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Q: Is there any simple way to diagnose why my AC won't blow cold?

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It worked fine last summer. This summer I turned it on and it only blows hot air... so we got a can of refrigerant and was going to charge it but the Guage reads full. I don't hear the compressor coming on but when I had to have a new computer out in it the guys at the shop told me the ac compressor was good. Any ideas?

My car has 161165 miles.
My car has an automatic transmission.

A: Hello. I will help you with this issue. If ...

Hello. I will help you with this issue. If the a/c compressor is NOT running (and thus NOT creating suction in the refrigerant piping on the low side) and you apply a gauge to measure system pressure on the low side, the gauge will give a relatively high pressure reading (the reading will indeed appear as "full" in the DIY refill systems) even if the system is nearly empty. What you have to do is put a manifold gauge set on both the low and high sides of the A/C system.

If the compressor is not running, briefly force it to run by energizing the clutch. As the compressor kicks in, quickly read the pressures (don’t run it long because if system is low on refrigerant, that means the oil in the system is not circulating either and you will ruin the compressor by running it without adequate oil circulating). If the system is low in refrigerant, the low side might read as low as a vacuum on the gauge, and the high side pressure will be way too low (out of spec.), like maybe 80 or 100 PSI when it should be 180 to 250 PSI, depending on ambient temperature.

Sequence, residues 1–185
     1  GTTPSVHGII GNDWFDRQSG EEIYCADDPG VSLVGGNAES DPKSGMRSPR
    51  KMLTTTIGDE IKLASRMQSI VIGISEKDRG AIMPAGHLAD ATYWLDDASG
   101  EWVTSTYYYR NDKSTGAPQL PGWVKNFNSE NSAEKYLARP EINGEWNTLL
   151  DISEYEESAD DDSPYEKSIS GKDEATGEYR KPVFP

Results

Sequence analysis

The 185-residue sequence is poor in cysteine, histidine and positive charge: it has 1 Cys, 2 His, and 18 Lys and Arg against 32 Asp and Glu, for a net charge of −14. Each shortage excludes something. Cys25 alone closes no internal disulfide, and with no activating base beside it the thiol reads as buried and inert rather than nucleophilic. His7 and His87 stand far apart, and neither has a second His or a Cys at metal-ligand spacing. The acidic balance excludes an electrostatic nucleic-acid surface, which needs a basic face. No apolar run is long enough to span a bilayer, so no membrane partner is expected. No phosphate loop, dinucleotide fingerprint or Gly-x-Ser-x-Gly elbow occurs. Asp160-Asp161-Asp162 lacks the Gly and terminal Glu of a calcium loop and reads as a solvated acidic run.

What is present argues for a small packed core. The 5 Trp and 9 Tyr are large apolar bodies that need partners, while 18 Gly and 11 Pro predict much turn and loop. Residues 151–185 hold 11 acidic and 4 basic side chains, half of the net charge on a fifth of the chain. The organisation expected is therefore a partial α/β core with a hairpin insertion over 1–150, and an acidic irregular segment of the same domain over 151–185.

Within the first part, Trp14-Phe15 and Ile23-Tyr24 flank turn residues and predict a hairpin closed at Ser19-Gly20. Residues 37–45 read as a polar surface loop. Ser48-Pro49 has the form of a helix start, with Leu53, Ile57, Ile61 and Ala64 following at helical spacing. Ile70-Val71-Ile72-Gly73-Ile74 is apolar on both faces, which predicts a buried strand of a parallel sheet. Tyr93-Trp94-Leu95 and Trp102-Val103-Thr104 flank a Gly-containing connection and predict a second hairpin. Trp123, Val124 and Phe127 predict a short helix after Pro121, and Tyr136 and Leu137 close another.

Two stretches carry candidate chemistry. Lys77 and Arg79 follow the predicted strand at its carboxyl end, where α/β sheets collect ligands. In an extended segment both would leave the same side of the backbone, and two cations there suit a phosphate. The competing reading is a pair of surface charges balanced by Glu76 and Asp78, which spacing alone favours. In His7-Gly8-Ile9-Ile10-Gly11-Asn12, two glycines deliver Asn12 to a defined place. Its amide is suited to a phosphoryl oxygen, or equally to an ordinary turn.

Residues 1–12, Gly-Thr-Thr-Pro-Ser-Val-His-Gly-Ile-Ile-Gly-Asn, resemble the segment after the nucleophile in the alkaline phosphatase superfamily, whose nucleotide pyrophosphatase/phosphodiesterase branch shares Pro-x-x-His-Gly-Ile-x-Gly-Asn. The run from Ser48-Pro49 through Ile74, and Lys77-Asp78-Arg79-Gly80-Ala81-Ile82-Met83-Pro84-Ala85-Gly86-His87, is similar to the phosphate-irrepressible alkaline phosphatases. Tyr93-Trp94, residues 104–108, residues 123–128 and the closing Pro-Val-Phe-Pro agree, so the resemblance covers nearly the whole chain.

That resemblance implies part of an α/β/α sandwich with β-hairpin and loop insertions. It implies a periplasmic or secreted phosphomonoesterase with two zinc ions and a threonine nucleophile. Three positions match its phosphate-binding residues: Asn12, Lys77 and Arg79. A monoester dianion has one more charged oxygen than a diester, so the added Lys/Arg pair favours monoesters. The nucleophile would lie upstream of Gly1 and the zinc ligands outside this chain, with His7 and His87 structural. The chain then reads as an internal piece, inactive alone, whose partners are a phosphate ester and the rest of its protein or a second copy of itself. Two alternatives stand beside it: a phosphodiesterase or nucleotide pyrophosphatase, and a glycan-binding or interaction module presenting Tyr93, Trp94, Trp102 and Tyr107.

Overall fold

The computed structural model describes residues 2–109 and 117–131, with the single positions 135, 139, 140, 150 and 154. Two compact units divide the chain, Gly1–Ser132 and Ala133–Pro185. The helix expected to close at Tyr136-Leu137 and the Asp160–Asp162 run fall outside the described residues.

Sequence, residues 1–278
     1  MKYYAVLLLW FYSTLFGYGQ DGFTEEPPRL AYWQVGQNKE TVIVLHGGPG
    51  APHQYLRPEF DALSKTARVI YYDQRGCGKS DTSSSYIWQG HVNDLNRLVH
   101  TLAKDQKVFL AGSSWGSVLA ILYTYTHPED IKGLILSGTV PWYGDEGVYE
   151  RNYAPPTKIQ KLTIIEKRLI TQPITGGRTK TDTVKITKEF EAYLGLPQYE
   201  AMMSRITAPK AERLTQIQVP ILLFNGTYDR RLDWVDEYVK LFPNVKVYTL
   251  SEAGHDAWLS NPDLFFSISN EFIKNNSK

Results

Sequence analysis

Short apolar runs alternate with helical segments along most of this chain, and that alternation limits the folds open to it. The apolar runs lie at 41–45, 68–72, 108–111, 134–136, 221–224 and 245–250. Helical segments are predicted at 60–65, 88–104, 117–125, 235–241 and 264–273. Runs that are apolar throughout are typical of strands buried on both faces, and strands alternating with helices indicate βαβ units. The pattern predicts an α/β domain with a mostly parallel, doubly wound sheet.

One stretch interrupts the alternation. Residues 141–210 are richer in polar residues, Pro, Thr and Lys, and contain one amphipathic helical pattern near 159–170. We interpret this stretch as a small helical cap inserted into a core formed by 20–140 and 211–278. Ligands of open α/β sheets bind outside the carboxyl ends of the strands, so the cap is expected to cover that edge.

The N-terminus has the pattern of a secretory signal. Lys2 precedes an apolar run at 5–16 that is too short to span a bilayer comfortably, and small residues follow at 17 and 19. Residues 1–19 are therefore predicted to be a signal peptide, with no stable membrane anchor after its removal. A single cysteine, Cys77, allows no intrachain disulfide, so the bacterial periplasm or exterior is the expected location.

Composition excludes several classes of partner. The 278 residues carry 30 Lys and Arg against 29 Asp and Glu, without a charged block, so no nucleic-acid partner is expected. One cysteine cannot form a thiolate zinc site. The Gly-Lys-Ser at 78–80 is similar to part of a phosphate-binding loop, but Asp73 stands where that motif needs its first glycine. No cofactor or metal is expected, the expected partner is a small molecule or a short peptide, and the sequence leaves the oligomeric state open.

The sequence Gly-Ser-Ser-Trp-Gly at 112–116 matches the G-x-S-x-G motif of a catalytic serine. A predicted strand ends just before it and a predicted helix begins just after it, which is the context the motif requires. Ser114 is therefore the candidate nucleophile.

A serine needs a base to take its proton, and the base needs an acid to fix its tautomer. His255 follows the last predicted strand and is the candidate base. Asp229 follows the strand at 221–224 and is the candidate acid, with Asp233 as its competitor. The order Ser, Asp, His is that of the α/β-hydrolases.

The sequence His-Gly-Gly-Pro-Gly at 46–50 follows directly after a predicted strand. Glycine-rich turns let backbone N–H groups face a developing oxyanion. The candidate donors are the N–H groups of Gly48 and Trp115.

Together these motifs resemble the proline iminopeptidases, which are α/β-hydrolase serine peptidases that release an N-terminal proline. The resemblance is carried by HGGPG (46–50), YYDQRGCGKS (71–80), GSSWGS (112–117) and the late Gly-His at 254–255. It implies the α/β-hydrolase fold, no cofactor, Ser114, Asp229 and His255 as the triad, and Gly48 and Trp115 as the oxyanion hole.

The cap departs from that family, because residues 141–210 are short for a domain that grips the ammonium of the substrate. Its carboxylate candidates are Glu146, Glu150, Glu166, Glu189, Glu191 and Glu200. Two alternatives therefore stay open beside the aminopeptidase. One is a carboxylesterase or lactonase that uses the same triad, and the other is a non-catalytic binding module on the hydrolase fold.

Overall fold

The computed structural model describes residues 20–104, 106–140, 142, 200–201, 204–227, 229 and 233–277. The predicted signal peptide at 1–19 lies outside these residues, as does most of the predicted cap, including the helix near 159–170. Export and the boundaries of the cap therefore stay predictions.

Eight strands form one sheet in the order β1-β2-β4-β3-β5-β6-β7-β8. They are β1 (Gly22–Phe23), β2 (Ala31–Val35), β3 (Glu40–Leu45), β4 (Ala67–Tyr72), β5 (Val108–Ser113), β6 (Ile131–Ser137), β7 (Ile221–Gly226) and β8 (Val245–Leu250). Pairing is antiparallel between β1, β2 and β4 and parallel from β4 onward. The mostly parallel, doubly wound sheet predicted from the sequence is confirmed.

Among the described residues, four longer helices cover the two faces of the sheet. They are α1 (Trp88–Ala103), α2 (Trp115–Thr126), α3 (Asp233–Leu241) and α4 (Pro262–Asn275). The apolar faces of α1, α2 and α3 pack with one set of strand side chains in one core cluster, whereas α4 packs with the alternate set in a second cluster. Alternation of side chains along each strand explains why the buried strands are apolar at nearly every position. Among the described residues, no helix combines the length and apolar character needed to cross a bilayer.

The best thing to do is have a Technician perform these diagnostic tests (refrigerant is dangerous; you will be blinded if liquid refrigerant sprays in your eye and if enough liquid refrigerant happens to spray on your skin you can be permanently injured). YourMechanic, being mobile, can come right to your door and take care of it. If the system is low, you might have a leak.

I say "might" because automotive systems are not like the nearly (or actually) hermetically sealed refrigeration systems that you are used to at home. Those systems are NOT supposed to leak at all during normal operation. Auto systems though generally "seep", due to the type of sealing technology (o-rings, etc.) that is used and the harsh operating environment and so although the amount that seeps is very small, over 12 years you WILL lose a certain amount of refrigerant.

If you are lucky, the reason it is low now (if it is low) is due to the normal loss that occurs over many years. If you are not lucky, you have a leak, the magnitude of which can vary quite a bit depending on where it is. In any event, anything is repairable and YourMechanic can both diagnose the current failure, identify any leaks that are significant and ultimately do whatever is necessary to get your A/C system functioning properly. Finally, your car uses a refrigerant that is designated as R134a.

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